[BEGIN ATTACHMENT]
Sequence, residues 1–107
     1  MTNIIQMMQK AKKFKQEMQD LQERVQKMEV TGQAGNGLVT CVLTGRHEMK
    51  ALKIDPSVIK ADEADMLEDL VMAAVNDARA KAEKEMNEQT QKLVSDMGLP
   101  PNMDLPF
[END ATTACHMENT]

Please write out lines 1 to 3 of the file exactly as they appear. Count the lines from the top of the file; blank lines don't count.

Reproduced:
Sequence, residues 1–107
     1  MTNIIQMMQK AKKFKQEMQD LQERVQKMEV TGQAGNGLVT CVLTGRHEMK
    51  ALKIDPSVIK ADEADMLEDL VMAAVNDARA KAEKEMNEQT QKLVSDMGLP